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Microsoft Ignite 2019 Productivity Track: Our Take

By Alex Fields,
Senior Solutions Architect, SUCCESS Computer Consulting

As a recently nominated MVP (Most Valuable Professional) by Microsoft, I was invited to speak and attend the Microsoft Ignite 2019 conference. Microsoft Ignite is an annual conference hosted by Microsoft to showcase their products and services and share their version of where technology is headed. The conference is attended by over 25,000 technology leaders and offers over 1,000 sessions to attend.

There are several “tracks” you can follow at Microsoft Ignite. This year, I attended most of the major sessions in the productivity track. While I also caught breakout sessions and workshops on other topics, like security and compliance, I really want to focus on the productivity story coming out of Microsoft Ignite, and share some of Microsoft’s breakthroughs with you.

Jared Spataro speaking at Microsoft Ignite 2019

After Microsoft CEO Satya’s Nadella’s keynote on Monday, Jared Spataro, Corporate Vice President for Microsoft 365, led us on a journey through the latest developments in Microsoft 365: The World’s Productivity Cloud, a session focused heavily on some new AI-powered experiences in Microsoft 365. If Satya delivered a 30,000-foot-view, this was another fly-by at maybe 10,000 feet, but with the occasional nosedive into some demos and many of the major announcements in this space. Where’d we land? On the new Microsoft Graph-powered Project Cortex—but more on that later.

Note: Since this session was covering all of Microsoft 365, the last half of the productivity presentation was dominated by Brad Anderson’s summary of Microsoft Endpoint Management. This section was made up mostly of stuff IT folks would be concerned about, but there are some great takeaways for our customers. Namely, they should know that it’s all about how we keep their devices safe and secure as they access corporate resources from any location or device.

Microsoft Teams Announcements

Jared followed up his morning session with a kick-off for Teams in the afternoon. Makes sense—it’s the flagship Microsoft 365 product and has been the focus of a ton of development. Of course the biggest announcements were private channels and pop-out chat windows, as well as some cool Outlook integrations that should eliminate having to toggle between the apps. Pop-out chat is my personal favorite from that list.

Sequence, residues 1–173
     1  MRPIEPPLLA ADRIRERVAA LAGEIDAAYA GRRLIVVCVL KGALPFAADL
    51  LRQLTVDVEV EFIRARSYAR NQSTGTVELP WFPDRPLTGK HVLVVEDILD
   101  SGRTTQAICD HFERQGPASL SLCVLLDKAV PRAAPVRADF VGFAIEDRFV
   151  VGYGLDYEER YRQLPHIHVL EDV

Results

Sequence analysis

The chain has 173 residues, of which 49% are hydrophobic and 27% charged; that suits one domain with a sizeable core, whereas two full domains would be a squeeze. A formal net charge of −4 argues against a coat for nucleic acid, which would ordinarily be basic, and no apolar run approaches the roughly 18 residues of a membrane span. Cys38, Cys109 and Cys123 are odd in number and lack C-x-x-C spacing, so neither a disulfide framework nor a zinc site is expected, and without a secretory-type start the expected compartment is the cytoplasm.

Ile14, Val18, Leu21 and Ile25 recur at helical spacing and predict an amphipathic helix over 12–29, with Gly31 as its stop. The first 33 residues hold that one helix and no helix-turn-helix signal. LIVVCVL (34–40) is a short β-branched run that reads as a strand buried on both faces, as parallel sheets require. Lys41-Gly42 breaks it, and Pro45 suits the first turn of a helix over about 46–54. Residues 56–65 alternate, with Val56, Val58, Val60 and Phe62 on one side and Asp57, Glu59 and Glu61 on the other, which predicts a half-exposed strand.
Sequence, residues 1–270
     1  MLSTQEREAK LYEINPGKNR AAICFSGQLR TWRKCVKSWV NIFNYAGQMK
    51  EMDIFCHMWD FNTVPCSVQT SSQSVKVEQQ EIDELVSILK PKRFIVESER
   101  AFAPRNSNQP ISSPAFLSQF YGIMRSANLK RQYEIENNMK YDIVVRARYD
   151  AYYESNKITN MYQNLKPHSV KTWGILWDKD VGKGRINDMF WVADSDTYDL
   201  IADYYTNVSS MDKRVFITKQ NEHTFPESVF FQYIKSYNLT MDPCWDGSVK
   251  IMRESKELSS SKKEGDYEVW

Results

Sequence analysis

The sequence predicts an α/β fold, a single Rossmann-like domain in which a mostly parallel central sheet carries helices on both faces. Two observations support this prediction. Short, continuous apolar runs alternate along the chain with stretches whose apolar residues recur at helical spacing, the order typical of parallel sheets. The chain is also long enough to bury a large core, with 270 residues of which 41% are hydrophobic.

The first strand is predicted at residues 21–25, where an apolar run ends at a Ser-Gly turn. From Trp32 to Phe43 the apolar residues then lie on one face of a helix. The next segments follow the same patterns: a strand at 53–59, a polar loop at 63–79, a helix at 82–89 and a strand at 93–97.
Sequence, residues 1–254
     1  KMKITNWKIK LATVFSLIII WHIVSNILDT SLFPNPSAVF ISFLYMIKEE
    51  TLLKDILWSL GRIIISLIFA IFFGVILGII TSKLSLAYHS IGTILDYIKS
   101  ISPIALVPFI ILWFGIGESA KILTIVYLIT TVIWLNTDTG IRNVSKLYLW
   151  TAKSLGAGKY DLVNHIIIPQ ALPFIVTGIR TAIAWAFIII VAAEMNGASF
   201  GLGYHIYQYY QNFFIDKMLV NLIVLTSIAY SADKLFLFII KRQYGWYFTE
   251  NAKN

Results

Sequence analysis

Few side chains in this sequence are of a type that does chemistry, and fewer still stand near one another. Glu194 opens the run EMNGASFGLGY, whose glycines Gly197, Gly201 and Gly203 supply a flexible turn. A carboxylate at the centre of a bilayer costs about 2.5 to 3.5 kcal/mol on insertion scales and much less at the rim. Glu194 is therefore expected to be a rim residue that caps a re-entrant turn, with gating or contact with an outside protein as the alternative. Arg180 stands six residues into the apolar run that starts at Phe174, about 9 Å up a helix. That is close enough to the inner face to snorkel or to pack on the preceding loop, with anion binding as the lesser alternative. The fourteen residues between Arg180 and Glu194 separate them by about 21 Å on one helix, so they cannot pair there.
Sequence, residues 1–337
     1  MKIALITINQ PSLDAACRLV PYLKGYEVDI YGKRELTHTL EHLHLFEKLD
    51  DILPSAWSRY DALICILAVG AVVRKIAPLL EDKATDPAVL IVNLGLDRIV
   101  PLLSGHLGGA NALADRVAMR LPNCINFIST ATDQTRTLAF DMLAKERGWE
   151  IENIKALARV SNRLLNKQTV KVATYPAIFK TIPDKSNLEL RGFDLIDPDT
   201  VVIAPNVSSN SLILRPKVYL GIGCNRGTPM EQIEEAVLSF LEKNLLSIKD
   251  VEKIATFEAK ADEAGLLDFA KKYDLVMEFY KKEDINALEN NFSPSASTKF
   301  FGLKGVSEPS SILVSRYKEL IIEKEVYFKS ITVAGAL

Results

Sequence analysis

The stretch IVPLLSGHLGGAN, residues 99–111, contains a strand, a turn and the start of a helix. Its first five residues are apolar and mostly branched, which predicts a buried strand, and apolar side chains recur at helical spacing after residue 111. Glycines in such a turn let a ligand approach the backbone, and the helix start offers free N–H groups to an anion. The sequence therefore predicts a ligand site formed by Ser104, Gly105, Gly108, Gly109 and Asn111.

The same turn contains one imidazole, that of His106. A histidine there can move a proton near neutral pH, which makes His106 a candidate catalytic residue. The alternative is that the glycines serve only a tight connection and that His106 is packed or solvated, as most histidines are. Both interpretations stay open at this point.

Microsoft Teams Pop Out Window Feature

While those shiny new features got all the love at Ignite, I think the real core of Jared’s message was around the future of Teams for any organization willing to invest—Teams is quickly becoming a powerful development platform, and it is uniquely positioned alongside PowerApps and PowerAutomate (formerly Flow), allowing us to design no-code or very-low-code solutions, effectively democratizing app dev.

This has a ton of potential. Remember that many organizations today are struggling to modernize their Line of Business applications—most of which are still tied to aging server hardware and legacy software solutions. Moving into the future, companies may be able to “home-grow” their own solutions. This means they can adopt an agile framework and build DevOps into the business, without having to hire developers.

In-house app development is something small to medium sized businesses haven’t had much experience with yet, because we’ve never had these kinds of tools before. Still, it’s a new skill set that is going to require people who are willing to raise their hands and volunteer. The desire to learn is a pre-requisite. And yes, I think there is a danger in just ignoring this stuff, especially if you’re clinging to “the old way” mostly because it’s familiar and comfortable.